5 questions for Geoff Mulgan on 'whole of government' innovation
What does it take to get all of a government’s agencies and actors working together to take on big challenges? That’s something Geoff Mulgan is thinking a lot about lately.
As part of his duties chairing a European Commission learning program, Mulgan recently published a report on whole-of-government innovation. While the work is focused largely on national-level governments, Mulgan says the lessons ring true in city halls as well.
“From cities to national governments, they all have these functional vertical silos in the form of departments of transport or housing or education,” Mulgan tells Bloomberg Cities. “And it’s been an issue for as long as anyone can remember, that real problems—and the needs of a community—cut across those boundaries. This question of how do you get the right balance of the vertical and the horizontal is a universal one, and every city administration faces it.”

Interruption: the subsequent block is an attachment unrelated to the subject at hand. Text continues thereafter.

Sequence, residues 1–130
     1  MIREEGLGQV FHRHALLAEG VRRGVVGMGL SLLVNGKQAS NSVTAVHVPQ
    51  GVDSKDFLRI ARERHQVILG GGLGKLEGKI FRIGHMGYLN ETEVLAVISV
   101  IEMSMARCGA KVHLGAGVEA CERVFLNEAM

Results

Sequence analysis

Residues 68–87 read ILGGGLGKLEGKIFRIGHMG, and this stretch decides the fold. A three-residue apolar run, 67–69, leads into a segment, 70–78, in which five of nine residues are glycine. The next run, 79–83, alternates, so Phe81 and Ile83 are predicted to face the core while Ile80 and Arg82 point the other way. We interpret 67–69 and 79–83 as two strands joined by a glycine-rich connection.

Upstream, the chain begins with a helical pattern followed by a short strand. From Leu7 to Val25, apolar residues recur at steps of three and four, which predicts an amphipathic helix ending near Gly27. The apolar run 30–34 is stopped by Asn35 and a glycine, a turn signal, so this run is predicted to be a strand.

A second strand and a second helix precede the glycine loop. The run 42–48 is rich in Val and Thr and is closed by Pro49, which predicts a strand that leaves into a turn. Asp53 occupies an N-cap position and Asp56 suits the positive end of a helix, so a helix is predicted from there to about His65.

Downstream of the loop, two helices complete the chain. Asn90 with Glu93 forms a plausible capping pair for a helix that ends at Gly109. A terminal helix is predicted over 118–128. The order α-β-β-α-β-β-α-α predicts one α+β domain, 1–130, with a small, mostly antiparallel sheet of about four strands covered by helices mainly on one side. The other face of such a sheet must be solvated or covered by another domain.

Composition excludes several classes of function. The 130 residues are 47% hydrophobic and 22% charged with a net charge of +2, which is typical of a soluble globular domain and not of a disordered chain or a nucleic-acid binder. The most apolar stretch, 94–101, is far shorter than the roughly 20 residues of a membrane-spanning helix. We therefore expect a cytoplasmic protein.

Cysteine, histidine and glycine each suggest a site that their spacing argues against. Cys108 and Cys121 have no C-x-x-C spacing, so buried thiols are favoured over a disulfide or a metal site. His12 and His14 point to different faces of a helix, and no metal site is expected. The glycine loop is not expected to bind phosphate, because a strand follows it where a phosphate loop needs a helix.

Mulgan is a Professor of Collective Intelligence, Public Policy, and Social Innovation at University College London, and previously led Nesta, the U.K.’s innovation foundation. He’s also the author of a number of books, including most recently “Another World is Possible,” which calls on leaders from all sectors to recharge their abilities to imagine a better future.
We caught up with Mulgan to learn more about whole-of-government approaches to innovation and how city leaders can deploy them. (Read his whole report here.)
What are some examples of whole-of-government innovation in practice?